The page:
New evidence backs up the need for a socialist, environmentalist transport policy. Meanwhile, Transport For London (TfL) and London Mayor Sadiq Khan continue to pursue regressive market-based “environmental” policies, which will likely make no reduction in emissions.
A report by the International Energy Agency (IEA) released at the end of January makes the case for “aggressive” expansion of railways across the world, to reduce net transport emissions. Rail is the most efficient motorised method for passengers to travel, and much more so than cars and planes. In freight, it comes second only to shipping, and only just.
Diesel and electricity account for roughly half of rail energy use each, and rail’s global energy use has remained roughly stable in recent years. When electricity is predominantly coal-powered, electric power is no greener, but with a transition to renewable and nuclear energy sources it could be extremely green. It is most green with high passenger and freight throughput.
The rail system should be nationalised under democratic control, and be publicly funded to be free at the point of use for passengers. It should be progressively electrified and aggressively expanded to replace other medium and long distance forms of travelling. Logistics and freight transportation, too, should be taken into public ownership, facilitating a transition from road and aviation transport to rail and shipping.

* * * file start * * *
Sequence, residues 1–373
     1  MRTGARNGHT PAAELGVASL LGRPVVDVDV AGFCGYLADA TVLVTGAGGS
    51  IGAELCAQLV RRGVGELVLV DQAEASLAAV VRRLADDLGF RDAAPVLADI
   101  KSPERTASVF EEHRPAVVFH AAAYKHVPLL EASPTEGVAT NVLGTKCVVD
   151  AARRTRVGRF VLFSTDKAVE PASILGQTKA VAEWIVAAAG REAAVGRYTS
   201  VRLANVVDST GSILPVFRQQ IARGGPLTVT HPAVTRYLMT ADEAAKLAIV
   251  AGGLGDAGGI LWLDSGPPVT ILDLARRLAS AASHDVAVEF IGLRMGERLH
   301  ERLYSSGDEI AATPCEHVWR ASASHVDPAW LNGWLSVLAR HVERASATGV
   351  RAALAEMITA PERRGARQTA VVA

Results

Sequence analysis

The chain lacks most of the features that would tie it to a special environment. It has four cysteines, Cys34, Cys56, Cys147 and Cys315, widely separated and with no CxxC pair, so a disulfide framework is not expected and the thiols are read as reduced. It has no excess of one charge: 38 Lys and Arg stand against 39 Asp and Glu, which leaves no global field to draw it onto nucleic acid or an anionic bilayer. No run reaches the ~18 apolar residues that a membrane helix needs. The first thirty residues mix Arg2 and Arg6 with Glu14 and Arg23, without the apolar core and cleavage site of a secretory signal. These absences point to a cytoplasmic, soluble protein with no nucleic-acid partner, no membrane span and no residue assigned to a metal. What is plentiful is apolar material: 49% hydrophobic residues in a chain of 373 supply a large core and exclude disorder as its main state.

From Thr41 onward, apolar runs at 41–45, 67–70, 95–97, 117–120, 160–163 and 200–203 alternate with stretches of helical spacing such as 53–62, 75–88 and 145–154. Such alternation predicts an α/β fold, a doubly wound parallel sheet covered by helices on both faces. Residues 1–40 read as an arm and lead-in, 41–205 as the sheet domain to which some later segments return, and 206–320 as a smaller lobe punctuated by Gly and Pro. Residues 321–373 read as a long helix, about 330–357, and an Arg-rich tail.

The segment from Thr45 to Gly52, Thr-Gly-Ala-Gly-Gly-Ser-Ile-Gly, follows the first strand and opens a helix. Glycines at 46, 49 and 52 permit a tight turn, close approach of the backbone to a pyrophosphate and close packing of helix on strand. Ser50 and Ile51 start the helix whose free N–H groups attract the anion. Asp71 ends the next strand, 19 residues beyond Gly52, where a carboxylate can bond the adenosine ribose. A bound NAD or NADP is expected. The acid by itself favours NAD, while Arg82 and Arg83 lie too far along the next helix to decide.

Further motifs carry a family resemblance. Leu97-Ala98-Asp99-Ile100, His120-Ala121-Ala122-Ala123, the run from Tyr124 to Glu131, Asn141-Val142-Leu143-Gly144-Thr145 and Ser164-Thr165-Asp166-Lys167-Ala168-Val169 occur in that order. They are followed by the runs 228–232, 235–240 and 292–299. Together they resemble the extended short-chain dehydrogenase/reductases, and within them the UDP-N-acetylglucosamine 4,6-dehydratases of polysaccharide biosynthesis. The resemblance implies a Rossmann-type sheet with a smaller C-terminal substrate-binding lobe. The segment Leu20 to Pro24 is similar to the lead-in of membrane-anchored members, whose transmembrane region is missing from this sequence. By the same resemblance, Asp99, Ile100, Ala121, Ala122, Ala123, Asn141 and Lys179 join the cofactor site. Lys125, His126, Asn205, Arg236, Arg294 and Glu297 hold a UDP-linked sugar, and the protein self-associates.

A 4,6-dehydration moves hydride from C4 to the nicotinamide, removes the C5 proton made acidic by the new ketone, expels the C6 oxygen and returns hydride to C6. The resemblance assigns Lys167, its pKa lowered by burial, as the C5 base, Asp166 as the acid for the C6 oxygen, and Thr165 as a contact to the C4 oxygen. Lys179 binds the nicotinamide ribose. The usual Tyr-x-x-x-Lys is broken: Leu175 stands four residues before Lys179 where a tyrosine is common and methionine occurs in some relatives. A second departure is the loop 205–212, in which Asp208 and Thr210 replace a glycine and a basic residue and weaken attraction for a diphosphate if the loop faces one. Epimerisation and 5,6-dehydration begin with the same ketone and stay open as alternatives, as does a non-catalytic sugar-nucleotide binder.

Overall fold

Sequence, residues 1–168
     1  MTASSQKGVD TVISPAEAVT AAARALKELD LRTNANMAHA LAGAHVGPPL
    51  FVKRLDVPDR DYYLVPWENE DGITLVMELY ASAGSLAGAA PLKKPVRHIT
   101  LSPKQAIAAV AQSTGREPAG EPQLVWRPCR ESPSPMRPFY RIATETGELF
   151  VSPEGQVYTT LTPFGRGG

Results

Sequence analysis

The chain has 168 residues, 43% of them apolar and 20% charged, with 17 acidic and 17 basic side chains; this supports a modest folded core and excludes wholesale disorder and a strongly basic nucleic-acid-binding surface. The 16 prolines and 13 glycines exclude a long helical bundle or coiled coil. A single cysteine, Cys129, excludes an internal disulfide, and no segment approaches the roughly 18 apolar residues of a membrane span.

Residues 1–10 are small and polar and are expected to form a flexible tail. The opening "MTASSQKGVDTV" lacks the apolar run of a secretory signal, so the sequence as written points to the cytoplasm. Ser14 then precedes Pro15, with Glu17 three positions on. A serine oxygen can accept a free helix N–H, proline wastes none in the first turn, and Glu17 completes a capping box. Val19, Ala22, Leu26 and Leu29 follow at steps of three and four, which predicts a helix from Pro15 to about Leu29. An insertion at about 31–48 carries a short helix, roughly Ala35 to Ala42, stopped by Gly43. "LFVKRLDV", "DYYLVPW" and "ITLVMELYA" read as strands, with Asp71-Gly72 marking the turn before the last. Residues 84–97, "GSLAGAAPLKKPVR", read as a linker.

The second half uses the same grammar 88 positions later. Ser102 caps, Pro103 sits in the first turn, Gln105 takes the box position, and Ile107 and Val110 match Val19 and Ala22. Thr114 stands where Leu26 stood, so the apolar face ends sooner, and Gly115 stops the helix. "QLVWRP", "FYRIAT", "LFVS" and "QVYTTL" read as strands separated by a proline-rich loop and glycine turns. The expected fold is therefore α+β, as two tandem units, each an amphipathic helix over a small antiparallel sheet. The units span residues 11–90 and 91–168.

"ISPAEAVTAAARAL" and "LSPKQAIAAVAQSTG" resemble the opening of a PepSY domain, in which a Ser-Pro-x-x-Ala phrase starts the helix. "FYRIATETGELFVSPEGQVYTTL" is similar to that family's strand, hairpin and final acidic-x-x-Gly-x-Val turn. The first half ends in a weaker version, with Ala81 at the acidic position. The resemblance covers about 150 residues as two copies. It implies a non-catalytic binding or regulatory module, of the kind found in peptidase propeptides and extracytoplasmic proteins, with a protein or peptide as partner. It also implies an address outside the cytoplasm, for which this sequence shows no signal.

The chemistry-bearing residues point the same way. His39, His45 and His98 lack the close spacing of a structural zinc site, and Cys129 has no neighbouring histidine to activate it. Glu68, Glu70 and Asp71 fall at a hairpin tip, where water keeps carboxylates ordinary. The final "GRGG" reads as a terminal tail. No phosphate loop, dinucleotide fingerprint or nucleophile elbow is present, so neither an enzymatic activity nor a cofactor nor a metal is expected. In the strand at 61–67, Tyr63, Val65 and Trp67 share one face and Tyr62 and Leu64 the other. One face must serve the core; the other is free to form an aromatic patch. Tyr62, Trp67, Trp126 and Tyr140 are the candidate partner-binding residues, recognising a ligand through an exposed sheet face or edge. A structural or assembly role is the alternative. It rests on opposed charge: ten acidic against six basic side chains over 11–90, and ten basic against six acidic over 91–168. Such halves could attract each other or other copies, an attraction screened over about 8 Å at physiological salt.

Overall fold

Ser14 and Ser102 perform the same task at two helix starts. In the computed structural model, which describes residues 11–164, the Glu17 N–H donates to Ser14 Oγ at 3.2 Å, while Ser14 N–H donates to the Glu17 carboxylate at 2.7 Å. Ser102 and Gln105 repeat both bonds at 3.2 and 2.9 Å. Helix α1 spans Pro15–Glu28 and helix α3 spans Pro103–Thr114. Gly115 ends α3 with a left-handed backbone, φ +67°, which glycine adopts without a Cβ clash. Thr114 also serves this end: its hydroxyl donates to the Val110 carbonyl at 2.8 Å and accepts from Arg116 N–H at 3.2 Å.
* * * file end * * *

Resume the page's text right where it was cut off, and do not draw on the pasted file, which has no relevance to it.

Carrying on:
TFL has introduced regressive congestion charges for minicabs, which will see drivers lose up to 25% of their already low take-home pay, disproportionately impacting low-income and BME workers. Weekly protests, starting 4pm Mondays on London Bridge, have been called by the Independent Workers Union of Great Britain’s (IWGB) United Private Hire Drivers branch (UPHD). Crucially, TFL’s policy will likely have little impact on emissions.
The IWGB instead proposes: capping the number of minicab vehicle licenses; place a licensing cost levy on private hire operators (e.g. Uber), based on the frequency of private hire vehicles from their fleet appearing on the congestion zone, rather than a flat daily charge to the drivers themselves; enforce workers’ rights within the industry, as minimum wage enforcement would encourage operators to reduce the number of vehicles; and provide “rest spaces” for minicabs in London zones, as 50% of the time drivers spend on the road is without passengers, often “idling”.
Significant investment to reduce the cost of public transport, and promote cycling and walking, would have much greater positive impacts, too.
The world’s fourth-largest fleet of coal-fired power plants is Germany’s. In the last weekend of January, the German coal commission published its plan for how to phase out coal. However, it falls seriously short of even the Paris agreement, starting reductions of CO2 emissions only after 2030, and emitting 1.3 billion tons over the “below 2C pathway” limit.
A study by the science journal Nature forecasts that climate change will impact half of the world’s aquifers over the next 100 years. Water held underground in soil or between rocks, “groundwater”, is the world’s largest source of freshwater and is relied on by over two billion people. Climate change will impact the way rain and moisture soak into the soil and “recharge” the groundwater. As well as impacting water supplies, changes to moisture could push soil past a “tipping point”, from a net absorber of CO2 to a net emitter, according to a different study by Nature, thus creating a positive feedback loop driving further climate change.
Internationally, socialists and the labour movement must seek to limit climate change as much as possible. But we must also seek to mitigate its impacts, in this case through taking the sourcing, transportation and distribution of fresh water into collective democratic control, and ensuring everyone has adequate access.